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Title: From consensus to polarisation : what explains variation in party agreement on climate change?
Author: Farstad, Fay Madeleine
ISNI:       0000 0004 6350 5073
Awarding Body: University of York
Current Institution: University of York
Date of Award: 2016
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The thesis seeks to explain variation in party agreement on climate change, i.e. why there is cross-party consensus on the issue in some countries whilst there is party polarisation over it in others. The analysis thus provides a bridge between the literatures on comparative climate policy and party politics. The investigation employs a nested research design as a mixed methods strategy, joining the study of the wider universe of political parties and developed countries through large and medium-N analyses with intensive and qualitative case study analysis through a controlled comparison of Australia and Norway. These countries share significant similarities, yet Australia experiences party polarisation over climate change whilst there is strong cross-party consensus in Norway. In explaining this divergence, the thesis finds that parties will polarise over climate change if there is a presence of fossil fuel interests, multiple veto points, pluralist institutions and a majoritarian electoral system in the country. However, fossil fuel interests will not have a polarising effect if combined with few veto points and corporatist institutions. Countries that have few veto points, corporatist institutions and a proportional electoral system experience strong cross-party consensus. These findings challenge the common assumption that consensus will automatically be difficult in states with fossil fuel dependency. Rather, it demonstrates that the institutional context is critical, as it moderates the effects of fossil fuel interests and shapes the behaviour of parties. Although the thesis argues that parties’ ideology and levels of public concern also affect whether or not they embrace the issue and create agreement on it, institutional factors are demonstrated to have a relatively larger impact. Thus the thesis argues that party agreement on climate change is more an outcome of party strategic behaviour within the context of domestic party competition than it is a result of ideology or societal factors.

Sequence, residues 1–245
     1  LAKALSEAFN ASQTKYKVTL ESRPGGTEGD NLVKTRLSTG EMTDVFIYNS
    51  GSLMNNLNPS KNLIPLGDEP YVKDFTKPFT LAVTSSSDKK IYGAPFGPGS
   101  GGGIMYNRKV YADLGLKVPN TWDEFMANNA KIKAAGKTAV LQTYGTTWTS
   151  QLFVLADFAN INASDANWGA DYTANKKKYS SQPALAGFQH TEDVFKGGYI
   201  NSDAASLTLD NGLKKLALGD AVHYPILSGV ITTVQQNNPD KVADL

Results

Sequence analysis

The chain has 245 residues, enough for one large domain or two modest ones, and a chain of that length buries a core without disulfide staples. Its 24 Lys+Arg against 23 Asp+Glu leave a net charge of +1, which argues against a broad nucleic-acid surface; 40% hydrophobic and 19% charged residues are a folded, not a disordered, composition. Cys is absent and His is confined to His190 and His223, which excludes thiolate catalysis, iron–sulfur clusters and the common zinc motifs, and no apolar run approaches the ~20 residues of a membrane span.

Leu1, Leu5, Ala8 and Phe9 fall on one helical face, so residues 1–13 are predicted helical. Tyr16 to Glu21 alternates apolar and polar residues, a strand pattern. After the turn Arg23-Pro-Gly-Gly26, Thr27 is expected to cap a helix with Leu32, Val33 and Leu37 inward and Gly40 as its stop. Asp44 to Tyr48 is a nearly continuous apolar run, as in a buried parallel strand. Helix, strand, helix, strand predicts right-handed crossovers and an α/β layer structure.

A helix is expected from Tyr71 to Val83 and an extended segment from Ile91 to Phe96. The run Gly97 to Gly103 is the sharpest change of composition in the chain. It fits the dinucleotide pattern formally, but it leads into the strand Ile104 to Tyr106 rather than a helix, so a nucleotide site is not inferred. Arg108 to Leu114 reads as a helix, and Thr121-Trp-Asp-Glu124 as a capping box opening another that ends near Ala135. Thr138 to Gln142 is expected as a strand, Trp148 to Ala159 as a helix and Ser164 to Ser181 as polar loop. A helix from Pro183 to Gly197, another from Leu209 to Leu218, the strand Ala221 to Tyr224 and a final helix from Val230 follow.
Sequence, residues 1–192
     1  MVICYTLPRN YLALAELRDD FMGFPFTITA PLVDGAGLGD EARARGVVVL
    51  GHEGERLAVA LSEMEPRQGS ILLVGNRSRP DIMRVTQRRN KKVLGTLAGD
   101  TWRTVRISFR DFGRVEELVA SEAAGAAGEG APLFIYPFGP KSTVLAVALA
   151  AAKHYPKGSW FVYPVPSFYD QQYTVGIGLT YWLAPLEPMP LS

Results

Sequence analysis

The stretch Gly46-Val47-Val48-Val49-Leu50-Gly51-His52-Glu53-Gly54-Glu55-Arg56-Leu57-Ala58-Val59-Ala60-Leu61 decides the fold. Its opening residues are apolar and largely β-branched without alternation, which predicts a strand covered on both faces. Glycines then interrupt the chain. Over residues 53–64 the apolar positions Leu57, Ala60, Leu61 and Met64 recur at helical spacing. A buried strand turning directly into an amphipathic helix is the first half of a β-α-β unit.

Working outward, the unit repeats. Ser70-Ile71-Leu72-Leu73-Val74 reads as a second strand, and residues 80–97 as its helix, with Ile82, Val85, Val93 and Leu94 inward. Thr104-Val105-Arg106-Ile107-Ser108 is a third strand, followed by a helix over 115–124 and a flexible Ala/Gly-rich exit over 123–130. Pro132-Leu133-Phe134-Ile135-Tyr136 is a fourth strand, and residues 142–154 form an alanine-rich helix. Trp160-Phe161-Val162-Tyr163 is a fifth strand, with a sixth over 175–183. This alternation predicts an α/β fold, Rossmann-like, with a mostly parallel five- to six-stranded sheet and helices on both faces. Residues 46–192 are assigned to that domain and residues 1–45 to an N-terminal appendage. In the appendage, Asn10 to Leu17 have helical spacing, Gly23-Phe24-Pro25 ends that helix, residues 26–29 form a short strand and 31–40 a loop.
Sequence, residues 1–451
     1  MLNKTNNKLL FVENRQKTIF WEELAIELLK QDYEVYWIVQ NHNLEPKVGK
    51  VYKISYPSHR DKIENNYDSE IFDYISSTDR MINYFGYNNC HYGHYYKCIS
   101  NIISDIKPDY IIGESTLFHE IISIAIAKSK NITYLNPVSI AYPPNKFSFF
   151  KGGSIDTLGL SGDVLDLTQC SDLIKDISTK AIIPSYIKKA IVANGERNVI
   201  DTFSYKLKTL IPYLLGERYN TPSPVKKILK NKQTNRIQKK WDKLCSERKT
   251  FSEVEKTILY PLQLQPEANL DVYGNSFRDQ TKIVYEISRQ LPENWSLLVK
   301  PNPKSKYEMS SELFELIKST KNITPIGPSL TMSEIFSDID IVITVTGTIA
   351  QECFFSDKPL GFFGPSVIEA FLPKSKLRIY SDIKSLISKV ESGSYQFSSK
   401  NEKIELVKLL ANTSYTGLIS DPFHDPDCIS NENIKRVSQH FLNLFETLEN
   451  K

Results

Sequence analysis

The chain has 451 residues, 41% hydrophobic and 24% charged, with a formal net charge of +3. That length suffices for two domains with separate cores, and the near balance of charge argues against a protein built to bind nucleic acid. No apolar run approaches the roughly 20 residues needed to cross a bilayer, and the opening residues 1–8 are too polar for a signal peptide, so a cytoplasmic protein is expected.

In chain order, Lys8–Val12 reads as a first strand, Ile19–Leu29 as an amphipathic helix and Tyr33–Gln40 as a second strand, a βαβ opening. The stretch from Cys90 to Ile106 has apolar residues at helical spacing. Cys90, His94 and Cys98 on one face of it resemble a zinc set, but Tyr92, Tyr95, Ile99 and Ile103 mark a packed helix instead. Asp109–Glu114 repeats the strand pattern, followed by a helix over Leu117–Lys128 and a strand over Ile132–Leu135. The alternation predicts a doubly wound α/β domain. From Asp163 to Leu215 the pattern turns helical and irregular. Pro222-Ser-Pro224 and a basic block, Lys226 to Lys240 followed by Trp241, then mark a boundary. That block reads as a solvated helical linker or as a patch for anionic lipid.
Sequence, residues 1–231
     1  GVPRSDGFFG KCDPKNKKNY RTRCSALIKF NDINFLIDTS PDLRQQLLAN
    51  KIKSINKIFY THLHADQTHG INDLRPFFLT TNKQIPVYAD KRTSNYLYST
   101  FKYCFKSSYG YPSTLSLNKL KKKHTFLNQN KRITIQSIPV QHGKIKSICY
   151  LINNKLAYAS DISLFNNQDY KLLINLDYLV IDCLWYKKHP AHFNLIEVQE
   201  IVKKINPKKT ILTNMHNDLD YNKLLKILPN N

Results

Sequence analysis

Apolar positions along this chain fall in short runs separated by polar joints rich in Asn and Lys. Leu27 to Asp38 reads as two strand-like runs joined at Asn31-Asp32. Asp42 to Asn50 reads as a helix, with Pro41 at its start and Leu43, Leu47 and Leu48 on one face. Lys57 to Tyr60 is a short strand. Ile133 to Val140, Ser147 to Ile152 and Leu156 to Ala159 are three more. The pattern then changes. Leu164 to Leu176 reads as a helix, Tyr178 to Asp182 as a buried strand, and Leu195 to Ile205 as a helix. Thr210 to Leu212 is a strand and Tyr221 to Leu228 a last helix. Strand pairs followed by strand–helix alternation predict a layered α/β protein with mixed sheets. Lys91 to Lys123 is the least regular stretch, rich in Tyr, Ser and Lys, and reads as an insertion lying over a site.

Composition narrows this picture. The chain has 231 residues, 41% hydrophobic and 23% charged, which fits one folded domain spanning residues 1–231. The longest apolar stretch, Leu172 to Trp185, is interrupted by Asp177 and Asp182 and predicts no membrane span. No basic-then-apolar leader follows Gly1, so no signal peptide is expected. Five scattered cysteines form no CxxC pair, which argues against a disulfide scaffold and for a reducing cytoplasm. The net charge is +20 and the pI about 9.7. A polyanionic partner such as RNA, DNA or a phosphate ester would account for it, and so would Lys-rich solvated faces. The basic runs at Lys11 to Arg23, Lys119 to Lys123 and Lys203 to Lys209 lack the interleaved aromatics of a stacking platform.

Supervisor: Carter, Neil ; Vasilopoulou, Sofia Sponsor: Not available
Qualification Name: Thesis (Ph.D.) Qualification Level: Doctoral
EThOS ID:  DOI: Not available